Things went bad for the Canadiens from the start. Barely three minutes into the game, Hal Gill took a double-minor penalty for high sticking. The Jets capitalized quickly with Blake Wheeler scoring from the far side of the net after a nice cross-rink pass from Dustin Byfuglien.

The Jets added another one on a goal by Tanner Glass, set up by some crisp passing from Nik Antropov and Kyle Wellwood. By the end of the first period Winnipeg was up 2-0 and firmly in control.

The Jets picked up the pace in the second period. Wheeler got another goal just 39 seconds into the period on a shot that easily beat Price on his stick side. That prompted a round of jeering for Price by the MTS Centre crowd.

Montreal had plenty of opportunities to come back. The Jets took four penalties in the second period, including a double-minor to Chris Thorburn for high sticking. The Jets killed them all off with ease and even had the best scoring chances when Glass and Jim Slater got free for a two-on-one during one penalty and then Slater rushed in again alone during another. Price managed the saves, but Montreal looked rattled.

Montreal didn’t look much better in the third, save for a few decent rushes. And by about halfway through the period some fans started chanting “Where is P.K.?”

Finally, Jets forward Tim Stapleton, who has just four goals this season, scored with less than two minutes left in the game to seal it at 4-0.

Jets goalie Ondrej Pavelec got his third shutout of the season, stopping 27 shots. He also picked up an assist on Wheeler’s second goal, his second assist of the season. But he didn’t have to work that hard for the shutout, unlike some recent Jets outings where his heart-stopping saves kept the team alive.

“We didn't bend,” Wheeler said after the game. “We didn't give them any scoring opportunities [in the third period] We still skated, and those are the things you need to do to win in this league.”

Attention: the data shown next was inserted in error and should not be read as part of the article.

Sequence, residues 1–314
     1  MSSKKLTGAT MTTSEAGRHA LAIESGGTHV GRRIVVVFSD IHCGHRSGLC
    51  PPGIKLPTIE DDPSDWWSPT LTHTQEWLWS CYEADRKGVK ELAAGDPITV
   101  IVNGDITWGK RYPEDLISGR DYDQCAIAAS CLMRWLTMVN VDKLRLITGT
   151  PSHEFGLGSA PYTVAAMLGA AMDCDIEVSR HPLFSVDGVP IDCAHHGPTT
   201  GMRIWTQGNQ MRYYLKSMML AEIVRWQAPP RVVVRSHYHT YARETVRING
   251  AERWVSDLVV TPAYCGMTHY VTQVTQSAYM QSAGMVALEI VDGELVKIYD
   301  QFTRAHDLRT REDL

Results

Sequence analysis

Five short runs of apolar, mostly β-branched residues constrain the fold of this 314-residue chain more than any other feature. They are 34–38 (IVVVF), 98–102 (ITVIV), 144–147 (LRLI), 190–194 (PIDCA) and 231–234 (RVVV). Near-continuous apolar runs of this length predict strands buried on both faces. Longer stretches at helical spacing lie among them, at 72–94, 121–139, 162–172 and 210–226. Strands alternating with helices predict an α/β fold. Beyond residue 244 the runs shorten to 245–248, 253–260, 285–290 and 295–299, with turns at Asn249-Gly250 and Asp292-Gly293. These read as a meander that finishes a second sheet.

He added that the Jets have “made life a little tough on [Winnipeg goaltenders]on some nights, so when we're able to make it a little bit easier and keep that shutout for them, that's the most satisfying thing.”

Added Pavelec: “I think we did everything right. Every time you score first, it helps you a lot.”

The Jets moved to 16-13-5 and have 37 points, making them tied for eighth in the Eastern Conference with New Jersey. The Canadiens dropped to 13-16-7 and have 33 points, leaving the team stuck in a pack at the bottom.

The Jets continue their long December homestand with a game Friday against Pittsburgh.

Montreal takes a break for Christmas and plays in Ottawa on Dec. 27.

The few days off won’t likely do much to diminish their angst or ease their freefall.

“The time for talk is over,” said Montreal defenceman Josh Gorges. “We have to take the break and get away from hockey, get away from the frustration.”

That won’t be easy in hockey-mad Montreal, where Thursday’s game will likely be picked over for the duration of the holidays. Even in the Cammalleri household.

"I'm assuming there is going to be an elephant in the room when I get home with the family,” he said after the game. “People will probably try an avoid the hockey question.”